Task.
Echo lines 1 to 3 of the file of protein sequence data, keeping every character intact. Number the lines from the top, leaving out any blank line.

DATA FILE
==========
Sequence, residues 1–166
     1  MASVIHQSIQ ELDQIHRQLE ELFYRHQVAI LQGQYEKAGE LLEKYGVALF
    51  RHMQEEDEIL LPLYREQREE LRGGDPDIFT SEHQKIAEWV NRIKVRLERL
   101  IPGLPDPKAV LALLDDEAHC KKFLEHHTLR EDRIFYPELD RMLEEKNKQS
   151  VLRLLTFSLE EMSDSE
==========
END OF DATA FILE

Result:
Sequence, residues 1–166
     1  MASVIHQSIQ ELDQIHRQLE ELFYRHQVAI LQGQYEKAGE LLEKYGVALF
    51  RHMQEEDEIL LPLYREQREE LRGGDPDIFT SEHQKIAEWV NRIKVRLERL